Just before moonset on the starry evening of May 30, 1917, the steam yacht Medea was running about two miles NW of the Harwich lightship when her captain spotted a phosphorescent trail lancing toward the starboard side of his ship. Within seconds her lookout reported the passing of a torpedo across her bow at a distance of four meters. “Under such circumstances,” he mentioned later in his report of the incident, “it is regrettable to sail with a hull that bears a coat of brilliant white paint.” To her crew who were being hunted that evening, it must have seemed as though their vessel lived a charmed life.
She was herself descended from hunters. The word “yacht” derives from the Dutch jacht or “hunting ship.” In the Atlantic world of the fifteenth to nineteenth centuries, ownership of a fast, well armed, private vessel signified one’s intention to profit by hunting down and capturing enemy merchantmen during wartime. The practice of “privateering,” licensed by formal letters of marque and reprisal, was endorsed by all maritime nations to magnify naval power and supplied a primary motive for the creation of yachts. By the mid-nineteenth century, concurrence of the monopolization of war as the exclusive prerogative of governments, the advent of steam technology, and the creation of vast industrial-age fortunes, transformed the yacht from a ship designed to seize wealth by force to a ship designed to display it conspicuously for pleasure. In 1856 privateering was outlawed by international treaty, and yachts thereafter became pleasure boats. In her lean lines, clipper bow, and raked vestigial masts, Medea flaunts her predator heritage, but by the time of her birth in 1904 no one would have seriously considered her a potential tool of naval warfare.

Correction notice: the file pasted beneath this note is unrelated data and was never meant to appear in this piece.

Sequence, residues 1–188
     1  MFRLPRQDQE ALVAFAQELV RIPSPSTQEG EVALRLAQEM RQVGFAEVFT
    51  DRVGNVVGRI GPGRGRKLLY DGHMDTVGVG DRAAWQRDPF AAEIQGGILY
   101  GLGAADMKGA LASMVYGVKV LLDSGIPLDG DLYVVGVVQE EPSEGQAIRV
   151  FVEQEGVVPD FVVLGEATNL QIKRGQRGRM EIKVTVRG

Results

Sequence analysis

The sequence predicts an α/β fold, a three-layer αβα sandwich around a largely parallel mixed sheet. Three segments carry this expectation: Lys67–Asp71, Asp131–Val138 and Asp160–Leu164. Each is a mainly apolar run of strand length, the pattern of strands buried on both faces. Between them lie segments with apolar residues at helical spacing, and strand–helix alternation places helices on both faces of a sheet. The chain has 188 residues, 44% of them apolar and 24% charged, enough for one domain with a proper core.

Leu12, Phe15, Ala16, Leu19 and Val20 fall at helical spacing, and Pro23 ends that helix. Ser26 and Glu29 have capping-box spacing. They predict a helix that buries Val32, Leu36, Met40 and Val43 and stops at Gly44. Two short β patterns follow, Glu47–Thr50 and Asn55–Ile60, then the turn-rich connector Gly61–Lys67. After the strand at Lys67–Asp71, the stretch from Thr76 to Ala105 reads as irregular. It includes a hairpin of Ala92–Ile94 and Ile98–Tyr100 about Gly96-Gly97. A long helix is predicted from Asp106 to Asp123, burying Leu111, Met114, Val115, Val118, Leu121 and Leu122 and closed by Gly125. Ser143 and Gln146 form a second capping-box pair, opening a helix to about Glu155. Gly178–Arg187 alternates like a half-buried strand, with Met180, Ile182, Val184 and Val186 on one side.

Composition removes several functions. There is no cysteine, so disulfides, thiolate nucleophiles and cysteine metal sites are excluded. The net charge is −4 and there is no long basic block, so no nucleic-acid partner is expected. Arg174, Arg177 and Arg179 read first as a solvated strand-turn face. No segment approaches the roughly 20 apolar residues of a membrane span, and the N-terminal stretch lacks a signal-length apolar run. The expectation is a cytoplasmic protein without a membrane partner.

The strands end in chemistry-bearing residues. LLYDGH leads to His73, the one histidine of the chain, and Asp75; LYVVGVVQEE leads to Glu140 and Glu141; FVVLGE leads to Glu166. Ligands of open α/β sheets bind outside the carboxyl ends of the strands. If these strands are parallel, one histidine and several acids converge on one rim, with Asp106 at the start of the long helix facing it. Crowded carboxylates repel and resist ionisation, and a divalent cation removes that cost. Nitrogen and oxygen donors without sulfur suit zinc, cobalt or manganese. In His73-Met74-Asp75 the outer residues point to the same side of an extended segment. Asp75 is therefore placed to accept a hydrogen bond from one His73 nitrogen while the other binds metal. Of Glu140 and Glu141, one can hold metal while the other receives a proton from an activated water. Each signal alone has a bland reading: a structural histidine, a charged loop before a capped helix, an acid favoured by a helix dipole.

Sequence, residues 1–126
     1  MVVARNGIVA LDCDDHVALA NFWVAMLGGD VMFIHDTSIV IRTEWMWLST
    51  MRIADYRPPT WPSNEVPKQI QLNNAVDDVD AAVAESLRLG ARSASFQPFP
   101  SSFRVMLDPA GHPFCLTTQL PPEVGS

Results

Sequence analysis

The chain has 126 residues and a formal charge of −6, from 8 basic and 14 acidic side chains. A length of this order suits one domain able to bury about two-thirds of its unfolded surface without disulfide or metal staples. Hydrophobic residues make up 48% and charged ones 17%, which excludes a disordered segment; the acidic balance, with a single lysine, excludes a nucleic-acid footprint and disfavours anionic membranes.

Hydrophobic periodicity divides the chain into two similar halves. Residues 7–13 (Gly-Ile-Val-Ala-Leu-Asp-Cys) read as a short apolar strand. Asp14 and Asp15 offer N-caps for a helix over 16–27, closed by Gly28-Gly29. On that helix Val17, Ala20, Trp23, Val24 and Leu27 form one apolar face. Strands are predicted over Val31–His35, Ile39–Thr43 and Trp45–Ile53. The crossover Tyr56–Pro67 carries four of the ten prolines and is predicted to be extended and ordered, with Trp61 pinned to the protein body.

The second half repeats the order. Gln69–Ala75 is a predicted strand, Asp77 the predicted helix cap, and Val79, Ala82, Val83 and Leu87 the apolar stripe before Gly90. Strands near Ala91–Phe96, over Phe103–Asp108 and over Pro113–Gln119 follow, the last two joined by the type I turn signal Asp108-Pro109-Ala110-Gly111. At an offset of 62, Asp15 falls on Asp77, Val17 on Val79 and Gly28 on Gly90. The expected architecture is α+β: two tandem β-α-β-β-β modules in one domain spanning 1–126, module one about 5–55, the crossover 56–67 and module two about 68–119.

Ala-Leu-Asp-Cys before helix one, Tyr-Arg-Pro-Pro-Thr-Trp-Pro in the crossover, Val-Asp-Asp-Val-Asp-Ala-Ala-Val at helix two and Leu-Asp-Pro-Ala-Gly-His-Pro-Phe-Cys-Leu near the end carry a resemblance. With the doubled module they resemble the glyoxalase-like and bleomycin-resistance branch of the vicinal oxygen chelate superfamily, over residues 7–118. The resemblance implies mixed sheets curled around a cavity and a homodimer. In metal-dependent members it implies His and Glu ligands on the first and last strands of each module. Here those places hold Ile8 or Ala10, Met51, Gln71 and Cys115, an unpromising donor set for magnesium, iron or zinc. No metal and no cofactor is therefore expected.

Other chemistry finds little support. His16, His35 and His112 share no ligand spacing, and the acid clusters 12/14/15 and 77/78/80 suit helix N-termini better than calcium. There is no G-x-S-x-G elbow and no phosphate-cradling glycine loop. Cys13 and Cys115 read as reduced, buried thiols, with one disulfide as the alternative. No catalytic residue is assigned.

That role, it was presumed, had now been entirely preempted by purpose-built warships that were evolving into ever more massive, specialized, and lethal forms. A little more than a year after Medea launched, one of them named HMS Dreadnought revolutionized the development of the capital ship, plunged the world into a naval arms race, and contributed to the outbreak of world war. That war, as most envisioned beforehand, would most likely be settled by a brief but thunderous clash of dreadnought fleets somewhere on the North Sea. No one dreamed that millions of young men would die in trench warfare, that cities would be bombed from the air, poisonous gas be used as a weapon, that merchant shipping could be wiped out by a new form of predator lurking under the sea, or that Medea and her kind might return to a strange and terrifying new world to be hunters once more.
Knowing that it would bring the US into the war, in February of 1917 Germany authorized her U-boats to attack all shipping surrounding Britain, beginning an appalling massacre of merchantmen, and cutting off Britain’s lifeline of supplies. A month before the torpedo narrowly missed Medea, Admiral William Sims, representing the still neutral American Government, was appraised of the situation at sea by British Admiral Jellicoe, First Sea Lord, revealing losses that were three and four times as large as those which were then being published in the press.